The NORAD Pro FWD Toyota Celica is breaking new ground in many areas of FWD racing technology. Among the innovations Chris Rado, Bob Norwood and the NORAD crew are introducing, the driveline design is most significant. Most DNFs at drag events in the last couple of years have been attributed to driveline failure and occurred in the high-horsepower FWD classes. NORAD team technical director Bob Norwood says the team has found a solution to this problem.

"We decided to start with a clean sheet when it came to the driveline of the new car," Norwood explains. "The current crop of 'transaxle' transmissions isn't really working because the transmission isn't designed for drag racing. Shifting is awkward and slow and the durability is questionable. I decided we'd start with a bulletproof transmission with a proven record in high-power applications and then work back from that starting point."

The DrivelineNorwood's choice, the Lenco five-speed planetary transmission, has a first-class pedigree in drag racing and is renowned for its strength and ease of use. Pro Stock and Pro Mod racers have used this transmission for years, so there's no doubt they can handle the abuse. It can be shifted with levers, electrical solenoids or by pneumatics. Each shift can be adjusted to speed it up or soften the gear change to minimize the shock to the tires. Hundreds of ratios are available and these units are simply bulletproof.

Next, Norwood made the Lenco work in a front-wheel-drive application. The solution was amazingly simple in its design and should prove to be unbreakable in actual racing conditions. First, a 32x16-inch tire was used, with the option of using a 31x14-inch tire at NHRA events. Second, the differential and final drive assembly had to be extremely strong to handle the high-rpm launches the huge front tires would allow. And third, the entire driveline was mounted as low as possible in the chassis to maintain a low center of gravity and minimize weight transfer on the launch.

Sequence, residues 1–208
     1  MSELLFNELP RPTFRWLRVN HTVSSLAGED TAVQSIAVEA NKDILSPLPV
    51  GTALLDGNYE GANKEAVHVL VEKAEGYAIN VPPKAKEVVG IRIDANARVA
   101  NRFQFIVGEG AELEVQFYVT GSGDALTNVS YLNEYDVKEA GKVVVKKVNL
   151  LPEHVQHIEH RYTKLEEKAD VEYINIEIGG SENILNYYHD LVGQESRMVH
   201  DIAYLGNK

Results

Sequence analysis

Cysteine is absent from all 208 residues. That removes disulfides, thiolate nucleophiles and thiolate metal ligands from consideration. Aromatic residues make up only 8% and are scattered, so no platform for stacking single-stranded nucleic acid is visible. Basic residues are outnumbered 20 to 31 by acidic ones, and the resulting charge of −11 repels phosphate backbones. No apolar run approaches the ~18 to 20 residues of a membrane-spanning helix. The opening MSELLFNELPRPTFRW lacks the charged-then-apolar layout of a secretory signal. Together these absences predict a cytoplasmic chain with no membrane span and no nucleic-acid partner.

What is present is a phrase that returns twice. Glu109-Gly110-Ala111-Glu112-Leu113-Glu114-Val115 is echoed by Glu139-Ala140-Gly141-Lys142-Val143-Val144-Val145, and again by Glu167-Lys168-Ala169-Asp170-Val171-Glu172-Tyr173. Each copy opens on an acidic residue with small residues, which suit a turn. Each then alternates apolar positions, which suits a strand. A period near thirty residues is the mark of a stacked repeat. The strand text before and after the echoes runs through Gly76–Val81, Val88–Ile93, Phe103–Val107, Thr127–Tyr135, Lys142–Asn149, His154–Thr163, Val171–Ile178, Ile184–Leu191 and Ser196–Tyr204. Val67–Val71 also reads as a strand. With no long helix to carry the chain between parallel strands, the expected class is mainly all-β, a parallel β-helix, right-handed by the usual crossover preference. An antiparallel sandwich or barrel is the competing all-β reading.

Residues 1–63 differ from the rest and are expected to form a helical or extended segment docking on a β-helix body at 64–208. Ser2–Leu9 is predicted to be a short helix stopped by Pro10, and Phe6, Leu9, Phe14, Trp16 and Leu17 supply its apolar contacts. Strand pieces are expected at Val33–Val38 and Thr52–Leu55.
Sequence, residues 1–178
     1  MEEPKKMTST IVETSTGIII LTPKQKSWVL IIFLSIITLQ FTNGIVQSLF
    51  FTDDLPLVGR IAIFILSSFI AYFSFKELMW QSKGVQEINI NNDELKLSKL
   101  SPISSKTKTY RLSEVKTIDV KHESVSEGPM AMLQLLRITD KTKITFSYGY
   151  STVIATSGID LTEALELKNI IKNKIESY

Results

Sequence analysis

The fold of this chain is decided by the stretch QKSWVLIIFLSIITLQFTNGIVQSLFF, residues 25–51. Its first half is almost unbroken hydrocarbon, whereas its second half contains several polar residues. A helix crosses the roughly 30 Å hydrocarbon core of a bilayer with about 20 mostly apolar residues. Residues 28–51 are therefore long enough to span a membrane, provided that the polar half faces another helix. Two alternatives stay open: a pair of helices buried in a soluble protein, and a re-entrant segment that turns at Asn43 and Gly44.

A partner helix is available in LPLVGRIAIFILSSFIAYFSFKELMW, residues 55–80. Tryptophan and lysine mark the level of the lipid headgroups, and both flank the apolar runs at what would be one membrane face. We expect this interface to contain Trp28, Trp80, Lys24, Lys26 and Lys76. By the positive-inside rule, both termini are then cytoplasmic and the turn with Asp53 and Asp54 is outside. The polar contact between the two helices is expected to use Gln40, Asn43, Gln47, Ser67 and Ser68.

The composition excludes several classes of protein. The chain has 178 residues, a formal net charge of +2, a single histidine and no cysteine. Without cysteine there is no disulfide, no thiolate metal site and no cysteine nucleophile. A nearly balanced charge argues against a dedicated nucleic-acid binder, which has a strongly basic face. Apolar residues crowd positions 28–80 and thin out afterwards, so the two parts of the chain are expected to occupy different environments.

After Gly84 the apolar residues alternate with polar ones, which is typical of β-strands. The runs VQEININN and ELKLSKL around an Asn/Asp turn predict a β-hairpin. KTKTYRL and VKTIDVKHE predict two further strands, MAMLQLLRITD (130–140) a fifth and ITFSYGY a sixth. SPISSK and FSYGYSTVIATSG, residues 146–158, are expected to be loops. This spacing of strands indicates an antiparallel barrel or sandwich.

After much discussion and analysis, Norwood's team decided a Funny car-style rear end was the best way to transfer the drive to the front wheels. Team Engineer Shawn Fischer explains,

"The key factor in our decision was strength. The loads the tire size is capable of generating meant we had to go overboard on the driveline to maintain reliability. We decided to run a Ford 9-inch rear end and utilize a real four-link suspension to give us control over the geometry."

This decision raised other issues, such as how to mount the rear end in the correct position to transfer the drive to the wheels, and how to get the drive from the output of the Lenco to the upside-down-mounted Ford rear end. The answer is, once again, an object lesson in simple, yet creative, engineering from the NORAD technical team.

The trickery starts with the custom billet-aluminum bell housing. Carved from a solid block of 6061 T6 aluminum by master machinist Tommy Todd, the bell housing is designed to be as compact as possible and still house Norwood's unique slipper clutch system. (More on the clutch later.) The one shown here is the prototype and isn't SFI legal, but testing is under way to get the final version certified and completed by the time construction is finished.

Between the bell housing and the Lenco, a billet-aluminum 'spacer-section' also created by Todd allows the rear end to be mounted low enough to maintain the crucial geometry and ride height at optimal levels. He also machined a custom input shaft for the Lenco that's lengthened to allow for the spacer. Bolted onto the rear of the spacer is a standard Lenco CS2 five-speed planetary transmission with the reverser mounted on the rear. The Lenco is lighter than it looks, thanks to magnesium casings and titanium internals.

Transferring the drive to the rear end was the next problem and Norwood's experience with oddball projects in the past paid dividends at this point.

"I've run into the same issues with a few of my Bonneville land-speed record cars and the easiest and strongest way to solve the problem was with a 'V' drive system and a short driveshaft," he says.